Get Your Listen On

If you’re of a certain age, you might remember listening to Karl Haas’ Adventures in Good Music radio program. His program helped inspire generations of new classical music fans thanks to using one the medium of radio, which allowed him to reach people who wouldn’t normally have an opportunity to learn about classical music.

Adaptistration People 049If you aren’t familiar with the program, here’s a tribute article I wrote shortly after his passing in 2005.

Just as his show was coming to an end, the world of culture blogging was just beginning to emerge. It introduced a wave of music appreciation and listening experience outlets, one of which was violinist Timothy Judd’s The Listeners’ Club.

Full disclosure mode, Judd is a client and I’ve known him for nearly two decades and that’s one of the reasons I haven’t mentioned his blog previously. But if it isn’t already on your radar and you’re looking for a community centric online listening guide, this is where you should go.

Each post is like a mini Karl Haas program; in addition to Judd’s exposition, each post includes one or more clips along with links to more. One recent pair of articles examined a new recording from Louisville Orchestra while the next reached back to the orchestra’s past when it was a new music recording powerhouse among American orchestras.

New Release: Teddy Abrams and the Louisville Orchestra’s “All In”

The Louisville Orchestra: Five Historic Recordings

Far from a one man show, you’ll often find Judd reaching out to colleagues to include their insights. Having said that, I asked him about why he decided to jump into the fray.

I started The Listeners’ Club in 2011 as a way of sharing my favorite pieces and performances with my students, their parents, and friends. It occurred to me that many people have not been exposed to great works that I take for granted. While focusing on “classical music,” The Listeners’ Club explores a wide range of music without regard to category. It’s basically anything that catches my ear.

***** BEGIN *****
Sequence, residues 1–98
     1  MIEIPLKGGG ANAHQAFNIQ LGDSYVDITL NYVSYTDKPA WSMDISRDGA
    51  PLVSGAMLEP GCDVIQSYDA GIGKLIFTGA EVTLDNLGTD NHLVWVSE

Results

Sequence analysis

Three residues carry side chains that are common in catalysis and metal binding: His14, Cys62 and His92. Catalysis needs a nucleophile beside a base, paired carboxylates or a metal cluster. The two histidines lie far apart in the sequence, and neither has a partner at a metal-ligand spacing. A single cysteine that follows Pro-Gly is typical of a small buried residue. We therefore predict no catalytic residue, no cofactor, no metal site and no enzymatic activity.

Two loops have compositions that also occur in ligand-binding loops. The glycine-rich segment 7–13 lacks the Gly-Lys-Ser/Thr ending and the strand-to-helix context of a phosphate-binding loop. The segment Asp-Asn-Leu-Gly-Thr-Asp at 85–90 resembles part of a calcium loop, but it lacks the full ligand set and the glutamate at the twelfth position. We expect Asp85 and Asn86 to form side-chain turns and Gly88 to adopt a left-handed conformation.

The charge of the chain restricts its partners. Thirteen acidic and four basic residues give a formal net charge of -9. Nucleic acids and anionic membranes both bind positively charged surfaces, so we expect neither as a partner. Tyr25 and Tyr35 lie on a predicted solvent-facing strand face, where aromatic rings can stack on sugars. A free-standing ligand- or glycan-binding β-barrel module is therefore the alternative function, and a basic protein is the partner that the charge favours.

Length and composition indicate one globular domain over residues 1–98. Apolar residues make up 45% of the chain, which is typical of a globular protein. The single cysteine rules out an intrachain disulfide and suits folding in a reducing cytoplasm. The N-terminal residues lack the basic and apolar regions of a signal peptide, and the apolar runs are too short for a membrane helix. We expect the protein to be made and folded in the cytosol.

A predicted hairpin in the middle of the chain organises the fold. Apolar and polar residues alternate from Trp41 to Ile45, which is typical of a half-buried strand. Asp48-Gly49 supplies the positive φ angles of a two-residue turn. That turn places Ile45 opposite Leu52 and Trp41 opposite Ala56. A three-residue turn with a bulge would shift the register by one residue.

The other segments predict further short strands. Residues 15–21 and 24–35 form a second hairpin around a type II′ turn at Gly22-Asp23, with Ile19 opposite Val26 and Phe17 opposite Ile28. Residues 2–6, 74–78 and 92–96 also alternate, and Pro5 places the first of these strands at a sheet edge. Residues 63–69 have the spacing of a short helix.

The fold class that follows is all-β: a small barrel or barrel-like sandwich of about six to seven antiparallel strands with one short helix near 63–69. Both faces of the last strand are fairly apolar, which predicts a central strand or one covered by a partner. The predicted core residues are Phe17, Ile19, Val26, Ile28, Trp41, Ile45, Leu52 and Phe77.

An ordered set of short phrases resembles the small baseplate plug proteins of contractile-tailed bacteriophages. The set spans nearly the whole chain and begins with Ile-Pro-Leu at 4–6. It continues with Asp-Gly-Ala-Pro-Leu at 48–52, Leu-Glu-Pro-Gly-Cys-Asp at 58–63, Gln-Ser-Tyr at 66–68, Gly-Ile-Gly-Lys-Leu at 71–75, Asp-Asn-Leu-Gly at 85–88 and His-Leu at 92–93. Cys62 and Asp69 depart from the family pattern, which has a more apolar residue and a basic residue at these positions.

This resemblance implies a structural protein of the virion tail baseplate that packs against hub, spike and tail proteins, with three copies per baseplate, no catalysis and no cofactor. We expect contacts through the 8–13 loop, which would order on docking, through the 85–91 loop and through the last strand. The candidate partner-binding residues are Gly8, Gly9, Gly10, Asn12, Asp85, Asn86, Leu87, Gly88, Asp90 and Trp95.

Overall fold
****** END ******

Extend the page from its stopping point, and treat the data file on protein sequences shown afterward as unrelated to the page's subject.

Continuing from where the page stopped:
My aim is not to “educate” in terms of focusing on biographical details of the lives of composers. Instead, it’s about helping people experience the music. I point out a few of my favorite details and offer a few thoughts on why I think this music is so great. Then, I encourage listeners to share their own experiences.

It has been gratifying to watch the blog grow in leaps and bounds, and to hear from listeners who have made an exciting connection with the music.

I listed two of my favs above, but I wanted to see what stands out for Judd; here’s his short list:

Mahler’s Fourth Symphony: Heaven Through a Child’s Eyes

The “Philadelphia Sound” in Five Historic Recordings

The Power of Six Notes: Exploring the “Dresden Amen”

About Drew McManus

"I hear that every time you show up to work with an orchestra, people get fired." Those were the first words out of an executive's mouth after her board chair introduced us. That executive is now a dear colleague and friend but the day that consulting contract began with her orchestra, she was convinced I was a hatchet-man brought in by the board to clean house.

I understand where the trepidation comes from as a great deal of my consulting and technology provider work for arts organizations involves due diligence, separating fact from fiction, interpreting spin, as well as performance review and oversight. So yes, sometimes that work results in one or two individuals "aggressively embracing career change" but far more often than not, it reinforces and clarifies exactly what works and why.

In short, it doesn't matter if you know where all the bodies are buried if you can't keep your own clients out of the ground, and I'm fortunate enough to say that for more than 15 years, I've done exactly that for groups of all budget size from Qatar to Kathmandu.

For fun, I write a daily blog about the orchestra business, provide a platform for arts insiders to speak their mind, keep track of what people in this business get paid, help write a satirical cartoon about orchestra life, hack the arts, and love a good coffee drink.

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